Could the realist Putin also be open to a territorial settlement to achieve a much overdue peace treaty with Japan? There are indications that he is heading in that direction. Putin, an avid judo enthusiast, has agreed that Russia would seek a deal with Japan on the basis of hikiwake -- a judo term for a draw. As early as 2001, Putin, in a joint declaration with then-Prime Minister Yoshiro Mori, signaled readiness to return at least two islands to Japan. The dialogue stalled for years but Mori's visit to Moscow as Abe's personal envoy in February 2013, followed by Abe's own talks with Putin in April, and again on the sidelines of the G20 summit in September, suggested that the two countries were edging towards a deal. Abe, conspicuously, was the only prominent "Western" leader to join Putin in Sochi for the opening of the Winter Olympics in February, a sign of Japan's readiness to deepen dialogue with Russia at a time when other G7 players shunned Putin.

Although Tokyo's official position remains unchanged -- all four islands in return for a peace treaty -- Japan watchers have been abuzz with speculation that the government may settle for less. Former diplomat and Russia specialist Kazuhiko Togo said in December that the two countries are now in a "unique situation" to achieve a breakthrough on the basis of a compromise, which would give Japan at least two of the four islands and, perhaps, a little more.

Likewise, Putin's annexation of Crimea has earned him ample patriotic capital that could be usefully expended on a hikiwake with Japan. Crucially, just like Andropov in the early 1980s, Putin desperately needs a breakthrough in foreign relations. Rapprochement with Japan would not only lessen Russia's international isolation but also help bring much-needed Japanese capital to the country's underdeveloped Far East. All of this makes for a unique opportunity to achieve a lasting territorial settlement.

Where do Tokyo's interests lie? Putin's annexation of Crimea -- unilateral revision of international borders through force -- is not the kind of precedent that bodes well for Japan, given China's claims on the disputed Senkaku/Diaoyu Islands in the East China Sea, which Japan administers. Nor does it suit Tokyo's preference for peaceful, negotiated solutions.

Tokyo must also consider U.S. preferences. Washington still believes that a Russo-Japanese rapprochement would be bad for U.S. fortunes in Asia and for the U.S.-Japan alliance. In fact, throughout the Cold War, the United States resorted to arm-twisting to keep the Japanese in line on Russia -- perhaps most egregiously in 1956, when then-Secretary of State John Foster Dulles sabotaged prospects for a Soviet-Japanese settlement by threatening that if Japan relinquished its claims over the disputed islands, the United States would feel entitled to keep Okinawa for itself.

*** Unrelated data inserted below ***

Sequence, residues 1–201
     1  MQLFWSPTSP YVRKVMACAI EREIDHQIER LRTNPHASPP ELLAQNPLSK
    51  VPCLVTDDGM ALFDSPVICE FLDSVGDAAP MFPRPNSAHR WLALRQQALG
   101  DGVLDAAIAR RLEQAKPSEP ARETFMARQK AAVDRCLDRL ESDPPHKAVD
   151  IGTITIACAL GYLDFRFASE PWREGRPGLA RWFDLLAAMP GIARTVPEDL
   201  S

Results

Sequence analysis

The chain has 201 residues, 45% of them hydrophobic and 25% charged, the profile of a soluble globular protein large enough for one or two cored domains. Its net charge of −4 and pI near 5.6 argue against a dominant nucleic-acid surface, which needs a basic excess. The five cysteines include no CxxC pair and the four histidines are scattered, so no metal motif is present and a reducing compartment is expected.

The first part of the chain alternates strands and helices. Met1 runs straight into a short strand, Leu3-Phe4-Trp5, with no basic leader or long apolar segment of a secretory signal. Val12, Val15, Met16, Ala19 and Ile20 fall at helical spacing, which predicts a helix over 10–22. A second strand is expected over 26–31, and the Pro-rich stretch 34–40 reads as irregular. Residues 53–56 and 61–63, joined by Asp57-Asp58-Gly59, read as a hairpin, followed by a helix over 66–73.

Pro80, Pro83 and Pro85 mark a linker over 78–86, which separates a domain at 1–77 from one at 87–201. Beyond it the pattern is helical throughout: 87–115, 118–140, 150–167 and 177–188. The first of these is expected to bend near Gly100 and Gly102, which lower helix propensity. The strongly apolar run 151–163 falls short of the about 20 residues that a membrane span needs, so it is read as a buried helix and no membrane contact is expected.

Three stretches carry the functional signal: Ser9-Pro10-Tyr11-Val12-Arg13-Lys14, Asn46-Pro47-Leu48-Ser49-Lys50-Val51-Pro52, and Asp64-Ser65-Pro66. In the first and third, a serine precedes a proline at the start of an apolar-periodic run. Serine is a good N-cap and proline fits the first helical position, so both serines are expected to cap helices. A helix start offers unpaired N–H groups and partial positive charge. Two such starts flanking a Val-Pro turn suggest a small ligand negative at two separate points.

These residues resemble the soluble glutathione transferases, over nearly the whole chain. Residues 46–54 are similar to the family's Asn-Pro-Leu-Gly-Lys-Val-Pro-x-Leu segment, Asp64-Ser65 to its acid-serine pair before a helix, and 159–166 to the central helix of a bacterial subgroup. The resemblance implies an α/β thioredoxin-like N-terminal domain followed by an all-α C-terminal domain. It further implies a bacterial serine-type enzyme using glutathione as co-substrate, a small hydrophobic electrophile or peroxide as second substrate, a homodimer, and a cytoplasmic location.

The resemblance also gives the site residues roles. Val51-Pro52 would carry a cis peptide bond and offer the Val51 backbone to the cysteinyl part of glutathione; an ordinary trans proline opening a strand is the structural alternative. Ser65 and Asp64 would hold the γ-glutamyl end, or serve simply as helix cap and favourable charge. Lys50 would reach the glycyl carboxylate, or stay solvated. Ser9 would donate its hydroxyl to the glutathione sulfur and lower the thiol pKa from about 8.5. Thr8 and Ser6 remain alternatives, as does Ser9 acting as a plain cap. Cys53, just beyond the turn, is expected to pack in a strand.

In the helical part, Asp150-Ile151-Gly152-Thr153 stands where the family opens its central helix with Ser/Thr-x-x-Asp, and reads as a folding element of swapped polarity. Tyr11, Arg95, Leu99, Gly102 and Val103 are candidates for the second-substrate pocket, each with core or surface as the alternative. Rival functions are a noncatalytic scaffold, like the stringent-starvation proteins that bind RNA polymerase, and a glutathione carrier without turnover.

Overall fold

Today, the United States shuns naked pressure, though it clearly still expects Tokyo to follow suit on sanctions against Russia, which Abe now has reluctantly endorsed. Yet joining these sanctions may quash hopes of a territorial settlement with Russia and could also lead Putin to abandon his neutrality in favor of endorsing Beijing's position in the territorial dispute with Japan, a prospect made all the more likely by Obama's April 23 affirmation that the United States would defend Japan's rights to the Senkakus. 

These sanctions will also raise regional tensions. Here, 1983 also serves as a useful reference point. At the time, the Russians, unable to weaken the anti-Soviet front in Asia and agitated and frightened by perceived enemy encirclement, shot down a civilian Korean airliner, killing all 269 people onboard. The tragedy of the KAL 007 contributed to the spiral of military escalation in late 1983, bringing the world to the brink of a nuclear war, in which Japan -- as Moscow was only too keen to remind -- would have served as one of the prime battlefields.

Putin is not quite as nervous. But his reaction to pressure will be to apply counter-pressure by building up military forces and conducting exercises in the Far East. Russia has already heightened military activities by sending bombers on flights around Japan, a move that the Russian Ministry of Defense has linked to Abe's support for U.S. sanctions. All of this is certainly not in Japan's interest.

Throughout the Cold War, when faced with a choice of a rapprochement with Russia or a closer alliance with the United States, Tokyo has consistently opted to lean to Washington's side. Nakasone did that much in 1983, to Moscow's undoubted frustration. "We must see the danger in relation to Japan," Gromyko argued 10 months after his "prestigious offer" that was never made. "Japan considers itself a kind of a NATO member. It kind of moved into the North Atlantic." If this is how Putin comes to perceive Japan's current policy, all the painstaking progress towards better Russo-Japanese relations will be rapidly undone.

IVAN SEKRETAREV/AFP/Getty Images